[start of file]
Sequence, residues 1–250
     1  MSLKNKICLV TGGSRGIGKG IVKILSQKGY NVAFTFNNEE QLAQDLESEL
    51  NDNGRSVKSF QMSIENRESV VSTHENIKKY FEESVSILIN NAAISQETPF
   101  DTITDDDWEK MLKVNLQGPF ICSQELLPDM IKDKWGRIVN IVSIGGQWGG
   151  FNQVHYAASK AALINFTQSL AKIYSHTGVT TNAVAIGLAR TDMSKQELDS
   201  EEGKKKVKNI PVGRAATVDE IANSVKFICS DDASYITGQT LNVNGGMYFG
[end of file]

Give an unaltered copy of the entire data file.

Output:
Sequence, residues 1–250
     1  MSLKNKICLV TGGSRGIGKG IVKILSQKGY NVAFTFNNEE QLAQDLESEL
    51  NDNGRSVKSF QMSIENRESV VSTHENIKKY FEESVSILIN NAAISQETPF
   101  DTITDDDWEK MLKVNLQGPF ICSQELLPDM IKDKWGRIVN IVSIGGQWGG
   151  FNQVHYAASK AALINFTQSL AKIYSHTGVT TNAVAIGLAR TDMSKQELDS
   201  EEGKKKVKNI PVGRAATVDE IANSVKFICS DDASYITGQT LNVNGGMYFG